His own legislative proposals had only industry backing, and he was unwilling to compromise. He continued the partisanship he had shown in his House days. That paid off in 1994 for Republicans, who gained control of both the House and the Senate. But Clinton was still in the White House.

Craig rose to the fourth-highest Senate leadership position in his first term, when Republicans elected him chairman of the Republican Policy Committee. After defeating businessman Walt Minnick to win his second Senate term, he was re-elected to the post.

During his second Senate term, Craig began reaching across the aisle, not just to conservative Democrats but to liberals, to help get legislation passed. An adoptive father, he joined with Louisiana Sen. Mary Landrieu and other Democrats to pass a tax credit increase to $10,000 for families who adopt.

Then Craig joined with Democrats to pass the Adoption and Safe Families Act, which gave financial incentives to states to increase adoptions of children in the foster-care system.

timber-payments bill bears his name

In 2000, he joined with Oregon Democrat Ron Wyden and the Clinton administration to pass one of the few acts that carries his name — a law that increased payments to counties that had lost timber income over the previous decade.

"The most important thing wasn't for him to have his name on a piece of legislation," Lawson said. "The most important thing was that the policy would go through."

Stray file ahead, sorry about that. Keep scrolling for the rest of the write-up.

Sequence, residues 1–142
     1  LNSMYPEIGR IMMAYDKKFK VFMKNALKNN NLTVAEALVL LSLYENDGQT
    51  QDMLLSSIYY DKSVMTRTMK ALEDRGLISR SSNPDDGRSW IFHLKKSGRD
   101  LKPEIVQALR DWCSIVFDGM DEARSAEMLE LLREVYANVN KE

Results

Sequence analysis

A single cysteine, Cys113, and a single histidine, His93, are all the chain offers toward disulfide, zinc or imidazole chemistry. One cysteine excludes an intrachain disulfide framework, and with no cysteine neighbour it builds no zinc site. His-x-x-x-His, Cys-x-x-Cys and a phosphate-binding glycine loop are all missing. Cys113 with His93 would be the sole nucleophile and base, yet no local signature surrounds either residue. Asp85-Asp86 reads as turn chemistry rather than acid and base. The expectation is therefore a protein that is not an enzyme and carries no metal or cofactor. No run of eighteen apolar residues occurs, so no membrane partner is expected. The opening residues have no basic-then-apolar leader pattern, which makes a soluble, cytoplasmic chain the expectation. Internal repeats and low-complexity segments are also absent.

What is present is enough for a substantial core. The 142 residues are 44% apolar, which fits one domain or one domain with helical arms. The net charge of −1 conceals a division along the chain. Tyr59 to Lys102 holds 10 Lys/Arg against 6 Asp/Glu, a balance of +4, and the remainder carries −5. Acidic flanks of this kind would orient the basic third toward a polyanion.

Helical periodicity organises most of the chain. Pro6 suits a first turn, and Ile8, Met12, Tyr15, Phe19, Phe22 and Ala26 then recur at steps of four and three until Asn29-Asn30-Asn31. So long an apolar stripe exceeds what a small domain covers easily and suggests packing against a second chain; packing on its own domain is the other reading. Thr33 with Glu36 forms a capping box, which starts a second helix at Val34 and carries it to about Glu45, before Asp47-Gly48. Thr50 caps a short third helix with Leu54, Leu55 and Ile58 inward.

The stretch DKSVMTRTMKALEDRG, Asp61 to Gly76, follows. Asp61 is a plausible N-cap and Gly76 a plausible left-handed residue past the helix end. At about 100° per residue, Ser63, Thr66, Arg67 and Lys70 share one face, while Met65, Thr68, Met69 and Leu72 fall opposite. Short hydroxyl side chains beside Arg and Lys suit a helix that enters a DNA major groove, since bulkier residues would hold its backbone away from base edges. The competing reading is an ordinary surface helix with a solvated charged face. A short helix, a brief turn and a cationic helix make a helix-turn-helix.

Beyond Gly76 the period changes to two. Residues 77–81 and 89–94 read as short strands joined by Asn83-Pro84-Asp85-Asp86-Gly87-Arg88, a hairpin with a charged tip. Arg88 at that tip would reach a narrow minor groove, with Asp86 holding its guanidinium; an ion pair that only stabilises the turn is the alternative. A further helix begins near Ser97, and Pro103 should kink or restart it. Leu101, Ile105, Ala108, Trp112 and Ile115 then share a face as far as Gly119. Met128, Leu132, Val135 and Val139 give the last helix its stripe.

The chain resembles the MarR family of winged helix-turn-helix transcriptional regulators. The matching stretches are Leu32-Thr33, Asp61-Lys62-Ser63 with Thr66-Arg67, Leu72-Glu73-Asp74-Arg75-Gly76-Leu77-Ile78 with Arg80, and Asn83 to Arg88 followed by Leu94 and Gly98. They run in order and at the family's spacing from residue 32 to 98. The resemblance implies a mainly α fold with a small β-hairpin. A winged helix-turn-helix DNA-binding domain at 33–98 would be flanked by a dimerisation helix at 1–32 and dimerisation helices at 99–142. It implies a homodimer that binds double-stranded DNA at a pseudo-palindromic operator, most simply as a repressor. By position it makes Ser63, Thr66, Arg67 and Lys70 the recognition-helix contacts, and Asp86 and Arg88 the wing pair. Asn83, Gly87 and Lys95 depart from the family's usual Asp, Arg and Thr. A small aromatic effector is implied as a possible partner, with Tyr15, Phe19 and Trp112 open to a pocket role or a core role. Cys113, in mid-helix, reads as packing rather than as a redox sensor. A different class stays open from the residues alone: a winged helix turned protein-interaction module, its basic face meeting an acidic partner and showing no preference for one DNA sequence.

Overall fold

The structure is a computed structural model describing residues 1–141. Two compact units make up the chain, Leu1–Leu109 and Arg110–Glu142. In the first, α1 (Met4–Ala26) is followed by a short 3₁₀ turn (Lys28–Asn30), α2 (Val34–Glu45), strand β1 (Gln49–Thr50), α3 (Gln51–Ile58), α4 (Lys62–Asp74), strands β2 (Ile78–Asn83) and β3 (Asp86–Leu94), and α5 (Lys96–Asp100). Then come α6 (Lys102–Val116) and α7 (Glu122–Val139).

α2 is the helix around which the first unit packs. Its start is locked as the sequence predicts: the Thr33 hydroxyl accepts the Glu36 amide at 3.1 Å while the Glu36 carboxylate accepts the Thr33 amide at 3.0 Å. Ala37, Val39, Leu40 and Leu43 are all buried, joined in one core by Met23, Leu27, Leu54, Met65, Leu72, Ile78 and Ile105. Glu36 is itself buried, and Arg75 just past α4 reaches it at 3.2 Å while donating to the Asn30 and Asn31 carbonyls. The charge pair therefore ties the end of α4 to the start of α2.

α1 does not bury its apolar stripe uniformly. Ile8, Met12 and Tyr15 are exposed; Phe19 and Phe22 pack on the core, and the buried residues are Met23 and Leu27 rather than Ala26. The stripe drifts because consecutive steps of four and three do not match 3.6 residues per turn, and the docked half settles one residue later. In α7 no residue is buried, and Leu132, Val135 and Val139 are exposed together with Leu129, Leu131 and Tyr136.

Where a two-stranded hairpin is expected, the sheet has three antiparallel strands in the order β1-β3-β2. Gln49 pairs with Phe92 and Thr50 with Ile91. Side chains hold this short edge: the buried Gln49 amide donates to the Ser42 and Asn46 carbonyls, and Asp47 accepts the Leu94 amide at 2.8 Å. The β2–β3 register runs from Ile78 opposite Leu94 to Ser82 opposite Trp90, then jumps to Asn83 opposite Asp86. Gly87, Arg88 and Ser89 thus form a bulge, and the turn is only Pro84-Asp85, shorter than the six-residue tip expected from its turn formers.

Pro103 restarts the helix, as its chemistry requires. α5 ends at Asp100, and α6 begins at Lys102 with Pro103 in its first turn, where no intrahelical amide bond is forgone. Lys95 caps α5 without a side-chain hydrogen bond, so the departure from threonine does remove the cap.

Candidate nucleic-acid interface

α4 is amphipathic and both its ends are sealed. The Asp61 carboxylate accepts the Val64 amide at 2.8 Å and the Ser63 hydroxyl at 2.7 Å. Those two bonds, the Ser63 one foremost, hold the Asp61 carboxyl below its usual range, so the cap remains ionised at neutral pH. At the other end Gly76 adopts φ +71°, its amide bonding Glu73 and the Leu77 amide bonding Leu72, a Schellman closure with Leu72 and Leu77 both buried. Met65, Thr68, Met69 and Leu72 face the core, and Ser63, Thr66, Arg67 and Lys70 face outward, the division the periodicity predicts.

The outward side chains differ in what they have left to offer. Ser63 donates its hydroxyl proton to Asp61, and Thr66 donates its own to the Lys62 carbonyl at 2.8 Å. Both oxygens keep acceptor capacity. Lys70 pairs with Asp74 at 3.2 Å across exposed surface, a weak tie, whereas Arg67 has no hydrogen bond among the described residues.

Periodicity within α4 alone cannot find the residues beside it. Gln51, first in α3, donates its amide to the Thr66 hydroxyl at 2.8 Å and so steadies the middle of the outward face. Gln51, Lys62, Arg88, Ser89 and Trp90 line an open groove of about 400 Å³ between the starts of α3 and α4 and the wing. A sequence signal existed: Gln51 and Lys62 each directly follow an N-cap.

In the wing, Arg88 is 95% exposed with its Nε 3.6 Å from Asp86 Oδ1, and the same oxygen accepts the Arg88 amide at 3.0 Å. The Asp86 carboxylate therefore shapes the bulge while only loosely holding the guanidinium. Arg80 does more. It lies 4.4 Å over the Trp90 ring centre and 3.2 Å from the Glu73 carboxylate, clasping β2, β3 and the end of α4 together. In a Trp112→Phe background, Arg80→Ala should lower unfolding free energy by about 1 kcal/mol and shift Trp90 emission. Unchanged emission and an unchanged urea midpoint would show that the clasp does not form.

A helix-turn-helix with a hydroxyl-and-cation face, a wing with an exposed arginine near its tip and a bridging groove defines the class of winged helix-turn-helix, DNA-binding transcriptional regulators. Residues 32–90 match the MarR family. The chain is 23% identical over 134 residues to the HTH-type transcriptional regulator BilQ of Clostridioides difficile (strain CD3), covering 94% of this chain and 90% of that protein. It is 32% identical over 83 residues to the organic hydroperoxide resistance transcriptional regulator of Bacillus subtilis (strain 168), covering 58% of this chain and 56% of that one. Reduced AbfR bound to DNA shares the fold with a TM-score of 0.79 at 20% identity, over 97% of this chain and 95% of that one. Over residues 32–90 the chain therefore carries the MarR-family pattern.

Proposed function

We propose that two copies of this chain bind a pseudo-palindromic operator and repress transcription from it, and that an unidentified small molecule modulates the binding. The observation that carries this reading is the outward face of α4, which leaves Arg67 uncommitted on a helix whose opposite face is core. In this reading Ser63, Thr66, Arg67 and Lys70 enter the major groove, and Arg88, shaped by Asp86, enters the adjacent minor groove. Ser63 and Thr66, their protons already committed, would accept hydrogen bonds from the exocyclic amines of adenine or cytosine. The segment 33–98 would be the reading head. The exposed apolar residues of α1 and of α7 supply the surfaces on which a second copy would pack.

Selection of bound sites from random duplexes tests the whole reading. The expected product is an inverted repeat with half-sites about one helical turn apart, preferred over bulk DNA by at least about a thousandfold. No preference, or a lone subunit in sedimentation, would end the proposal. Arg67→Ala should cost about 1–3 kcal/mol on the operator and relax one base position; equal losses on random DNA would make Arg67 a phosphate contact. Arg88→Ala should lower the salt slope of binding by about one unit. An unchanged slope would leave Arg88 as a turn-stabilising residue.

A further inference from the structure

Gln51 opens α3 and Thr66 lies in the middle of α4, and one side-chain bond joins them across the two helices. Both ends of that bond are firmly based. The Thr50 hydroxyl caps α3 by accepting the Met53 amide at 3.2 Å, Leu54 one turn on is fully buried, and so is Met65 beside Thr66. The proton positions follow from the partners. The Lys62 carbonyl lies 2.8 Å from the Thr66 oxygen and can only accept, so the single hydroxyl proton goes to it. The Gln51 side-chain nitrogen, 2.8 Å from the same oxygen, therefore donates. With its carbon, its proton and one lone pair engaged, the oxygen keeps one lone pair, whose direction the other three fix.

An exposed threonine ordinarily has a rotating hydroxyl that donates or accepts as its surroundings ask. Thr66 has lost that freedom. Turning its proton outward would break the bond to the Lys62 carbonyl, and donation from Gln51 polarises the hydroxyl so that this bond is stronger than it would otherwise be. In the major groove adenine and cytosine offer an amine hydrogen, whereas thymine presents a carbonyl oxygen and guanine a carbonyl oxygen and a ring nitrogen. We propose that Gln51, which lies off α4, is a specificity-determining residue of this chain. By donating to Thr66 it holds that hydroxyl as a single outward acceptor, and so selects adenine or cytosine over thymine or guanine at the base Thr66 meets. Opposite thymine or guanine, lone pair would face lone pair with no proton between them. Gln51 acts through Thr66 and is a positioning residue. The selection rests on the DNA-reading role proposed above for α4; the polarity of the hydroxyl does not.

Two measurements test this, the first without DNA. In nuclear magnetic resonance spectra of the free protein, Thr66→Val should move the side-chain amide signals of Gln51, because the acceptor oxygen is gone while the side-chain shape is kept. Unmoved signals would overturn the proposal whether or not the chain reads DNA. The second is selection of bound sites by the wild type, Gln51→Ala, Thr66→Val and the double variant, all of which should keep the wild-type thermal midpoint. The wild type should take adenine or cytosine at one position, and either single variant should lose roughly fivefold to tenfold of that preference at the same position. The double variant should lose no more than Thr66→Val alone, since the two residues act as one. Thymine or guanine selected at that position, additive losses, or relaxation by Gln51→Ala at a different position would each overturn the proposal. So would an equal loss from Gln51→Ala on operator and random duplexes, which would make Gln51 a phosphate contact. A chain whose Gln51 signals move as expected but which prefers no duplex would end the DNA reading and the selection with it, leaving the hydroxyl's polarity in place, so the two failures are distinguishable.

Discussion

After easily defeating Alan Blinken of Ketchum in 2002, Craig lost his bid for assistant majority leader to Sen. Mitch McConnell, R-Ky., who eventually would become the GOP leader in the Senate — and one of the Republicans to call for an ethics inquiry this week.

In 2003, he also joined Wyden and Democratic Sen. Dianne Feinstein of California in passing the Healthy Forest Act to help communities thin forests to reduce the threat of fires.

Craig's biggest victory was the Energy Act of 2005, which authorized the Next Generation Nuclear Plant at Idaho National Laboratory, helped Idaho Power Co. scale back costs of new licenses for the Hells Canyon dams, and provided billions of dollars in subsidies for the nuclear, oil, gas and coal industries, which had backed him.

But his devotion to another resource industry — agriculture — left him fighting a growing number of fellow Republicans and conservatives on one of the hottest political topics in the country, immigration, by backing a path to citizenship for undocumented workers.

"I respect him a lot for continuing to recognize the complexity of that issue and not backing down," Lawson said. "He was putting his neck on the line for Idaho farmers."

Rocky Barker: 377-6484